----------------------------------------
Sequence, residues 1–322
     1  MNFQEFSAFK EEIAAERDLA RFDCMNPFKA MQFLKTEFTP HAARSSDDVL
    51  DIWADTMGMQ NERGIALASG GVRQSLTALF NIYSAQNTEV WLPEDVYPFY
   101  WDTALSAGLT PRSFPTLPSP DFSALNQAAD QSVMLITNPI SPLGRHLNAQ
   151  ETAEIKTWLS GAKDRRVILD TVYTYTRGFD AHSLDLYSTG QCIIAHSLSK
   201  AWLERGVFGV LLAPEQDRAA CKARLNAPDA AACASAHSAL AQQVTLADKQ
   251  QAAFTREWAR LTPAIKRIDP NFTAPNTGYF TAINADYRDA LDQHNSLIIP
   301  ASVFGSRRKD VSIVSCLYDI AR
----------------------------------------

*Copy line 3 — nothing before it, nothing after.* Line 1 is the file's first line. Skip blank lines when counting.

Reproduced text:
    51  DIWADTMGMQ NERGIALASG GVRQSLTALF NIYSAQNTEV WLPEDVYPFY